SLR - August 2021 - Chloe F. Sakow

Treatment of Displaced Intra-Articular Calcaneal Fractures With an Interlocking Nail (C-Nail)

Reference: Veliceasa B, Filip A, Pinzaru R, Pertea M, Ciuntu B, Alexa O. Treatment of Displaced Intra-articular Calcaneal Fractures With an Interlocking Nail (C-Nail). J Orthop Trauma. 2020 Nov;34(11):e414-e419.

Level of Evidence:
Level IV

Scientific Literature Review

Reviewed By: Chloe F. Sakow, DPM, MPH
Residency Program: Regions Hospital/HealthPartners Institute – St. Paul, MN

Podiatric Relevance: Displaced intra-articular calcaneal fractures (DIACFs) require surgical intervention to restore anatomic alignment. Nonsurgical treatment with these injuries is generally associated with poor results, including secondary subtalar arthrosis and long-term changes in hindfoot alignment. The prior gold standard for treatment of DIACFs was ORIF via an extensile lateral approach, however this is associated with wound healing complications. Minimally invasive techniques such as the sinus tarsi approach offers direct control of joint reduction without soft tissue dissection with lower complication rates. This study aimed to assess the outcomes of the sinus tarsi approach with percutaneous nail fixation for DIACFs.

Methods: A level IV prospective study was performed on patients with DIACFs who were treated using a percutaneous C-Nail +/- posterior facet fixation via the sinus tarsi approach. Each case was assessed using the Sanders, Gustillo Anderson, and the Tscherne and Oestern classifications; the Böhler’s angle and articular surface step off were measured as well. Post-operatively the patients were assessed for the restoration of the Bohler angle, complications, and overall fracture reduction. The Mean American Orthopaedic Foot & Ankle Society Ankle-Hindfoot Score (AOFAS-AHS) and Maryland Foot Score (MFS) were recorded. Data was analyzed using SPSS ANOVA (p<0.05).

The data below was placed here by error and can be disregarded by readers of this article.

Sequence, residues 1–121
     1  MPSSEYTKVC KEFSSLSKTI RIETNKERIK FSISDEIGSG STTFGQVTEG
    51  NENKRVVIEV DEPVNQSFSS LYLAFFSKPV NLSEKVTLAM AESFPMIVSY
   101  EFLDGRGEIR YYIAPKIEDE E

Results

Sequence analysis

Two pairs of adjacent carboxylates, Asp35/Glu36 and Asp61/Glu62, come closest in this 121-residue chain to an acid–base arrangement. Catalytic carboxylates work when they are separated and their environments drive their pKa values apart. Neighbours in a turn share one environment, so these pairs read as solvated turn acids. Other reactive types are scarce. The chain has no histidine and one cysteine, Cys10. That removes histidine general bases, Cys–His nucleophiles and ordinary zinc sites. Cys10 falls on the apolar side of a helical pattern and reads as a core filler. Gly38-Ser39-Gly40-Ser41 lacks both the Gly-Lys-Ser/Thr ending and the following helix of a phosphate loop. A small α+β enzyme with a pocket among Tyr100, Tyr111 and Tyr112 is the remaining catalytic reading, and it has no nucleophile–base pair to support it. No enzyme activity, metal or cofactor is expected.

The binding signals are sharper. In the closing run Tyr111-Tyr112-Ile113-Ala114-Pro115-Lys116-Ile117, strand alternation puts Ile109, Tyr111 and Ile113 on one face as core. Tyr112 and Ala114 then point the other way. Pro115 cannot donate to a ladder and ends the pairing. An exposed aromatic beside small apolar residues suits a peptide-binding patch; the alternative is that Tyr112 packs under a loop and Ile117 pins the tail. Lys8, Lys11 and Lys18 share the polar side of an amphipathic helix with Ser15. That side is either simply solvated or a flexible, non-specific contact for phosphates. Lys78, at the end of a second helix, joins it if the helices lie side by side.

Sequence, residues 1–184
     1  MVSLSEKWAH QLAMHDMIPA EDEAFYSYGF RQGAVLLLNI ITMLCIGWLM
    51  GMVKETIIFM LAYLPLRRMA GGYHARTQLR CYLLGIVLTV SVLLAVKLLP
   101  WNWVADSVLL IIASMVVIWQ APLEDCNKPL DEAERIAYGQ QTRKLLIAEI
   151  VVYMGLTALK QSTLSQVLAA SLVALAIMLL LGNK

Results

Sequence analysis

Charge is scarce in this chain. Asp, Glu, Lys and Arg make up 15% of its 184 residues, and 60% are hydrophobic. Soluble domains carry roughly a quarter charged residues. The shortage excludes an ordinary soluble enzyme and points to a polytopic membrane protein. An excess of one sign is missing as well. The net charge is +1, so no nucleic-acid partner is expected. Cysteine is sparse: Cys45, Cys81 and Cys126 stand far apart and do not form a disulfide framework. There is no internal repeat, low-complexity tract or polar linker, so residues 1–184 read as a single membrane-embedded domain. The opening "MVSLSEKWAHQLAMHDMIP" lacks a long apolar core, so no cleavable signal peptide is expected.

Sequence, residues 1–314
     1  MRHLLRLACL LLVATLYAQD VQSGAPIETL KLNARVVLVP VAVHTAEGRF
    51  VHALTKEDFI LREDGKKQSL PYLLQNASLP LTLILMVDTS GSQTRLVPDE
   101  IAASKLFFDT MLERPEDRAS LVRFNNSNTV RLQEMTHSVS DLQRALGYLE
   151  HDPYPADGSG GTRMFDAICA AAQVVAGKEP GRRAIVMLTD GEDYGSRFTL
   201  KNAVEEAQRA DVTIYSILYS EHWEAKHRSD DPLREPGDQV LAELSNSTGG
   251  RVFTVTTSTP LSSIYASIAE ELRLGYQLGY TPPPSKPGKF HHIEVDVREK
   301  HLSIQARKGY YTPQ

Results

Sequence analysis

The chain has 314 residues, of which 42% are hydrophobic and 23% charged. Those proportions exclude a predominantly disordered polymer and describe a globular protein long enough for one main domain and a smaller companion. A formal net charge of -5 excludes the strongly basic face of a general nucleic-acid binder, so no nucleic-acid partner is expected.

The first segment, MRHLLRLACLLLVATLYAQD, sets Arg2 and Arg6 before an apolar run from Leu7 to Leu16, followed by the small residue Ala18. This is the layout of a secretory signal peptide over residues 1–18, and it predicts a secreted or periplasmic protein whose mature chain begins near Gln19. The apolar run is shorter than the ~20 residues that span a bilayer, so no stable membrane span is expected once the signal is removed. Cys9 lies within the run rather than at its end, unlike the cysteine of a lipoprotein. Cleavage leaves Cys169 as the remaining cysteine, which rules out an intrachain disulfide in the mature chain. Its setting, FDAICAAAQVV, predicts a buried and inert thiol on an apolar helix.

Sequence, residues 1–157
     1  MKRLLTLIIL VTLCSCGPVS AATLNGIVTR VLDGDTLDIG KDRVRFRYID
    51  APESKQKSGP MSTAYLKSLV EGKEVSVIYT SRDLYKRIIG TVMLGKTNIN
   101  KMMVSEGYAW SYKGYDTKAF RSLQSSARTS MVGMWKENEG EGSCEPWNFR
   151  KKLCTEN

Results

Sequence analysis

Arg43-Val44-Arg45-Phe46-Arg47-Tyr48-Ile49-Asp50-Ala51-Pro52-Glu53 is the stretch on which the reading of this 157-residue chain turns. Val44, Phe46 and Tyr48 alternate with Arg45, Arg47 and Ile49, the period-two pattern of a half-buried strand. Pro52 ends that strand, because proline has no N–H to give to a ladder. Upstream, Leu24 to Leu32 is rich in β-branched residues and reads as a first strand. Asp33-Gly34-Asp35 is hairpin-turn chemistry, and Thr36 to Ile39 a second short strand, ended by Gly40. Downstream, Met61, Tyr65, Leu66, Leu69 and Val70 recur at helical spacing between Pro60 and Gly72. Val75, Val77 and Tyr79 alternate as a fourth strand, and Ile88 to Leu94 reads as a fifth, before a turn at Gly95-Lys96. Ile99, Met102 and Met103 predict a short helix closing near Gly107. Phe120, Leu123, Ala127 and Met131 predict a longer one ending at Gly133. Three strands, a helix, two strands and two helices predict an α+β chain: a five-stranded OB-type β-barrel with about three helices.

Results: A total of 64 consecutive patients with 75 DIACFs were included. The majority of fractures were due to a fall from a height (93.8 percent), and 26 (40.8 percent) were heavy smokers, surgically treated on average 2.9 days after initial injury. The mean preoperative Böhler angle was significantly higher in patients with Sanders IIA fractures and lower with Sanders IIIBC fractures (p=0.016). The postoperative Böhler angle was higher in patients with Sanders IIB and IIIAB fractures and lower with Sanders IV fractures (p=0.032). Regardless of the fracture classification, the postoperative Böhler angle significantly increased and postoperative articular surface step-off decreased compared to preoperative values (p=0.001). Three (4 percent) incidences of postoperative superficial wound edge necrosis occurred and one case of infection that required an incision and drainage occurred. Mean AOFAS-AHS scores were directly correlated with the immediate post-operative Böhler angle, RCS and one year follow up measurements (P=0.001)

Conclusions: The findings from this study demonstrated the percutaneous sinus tarsi approach using the C-Nail fixation is a viable option for treating DIACFs coupled with an anatomic reduction of the posterior facet using independent lag screws in patients to avoid soft tissue trauma while maintaining primary stability. This study population, with over 40 percent of patients considered heavy smokers, points to the benefits of a minimally invasive approach to DIACFs in patients who are higher risk for wound healing complications. An increased Böhler angle postoperatively and anatomic reduction of the posterior facet (<1.2 millimeters) were correlated with patient satisfaction. Consideration to future studies should be given to include a control group and a longer follow up period beyond one year postoperatively. 

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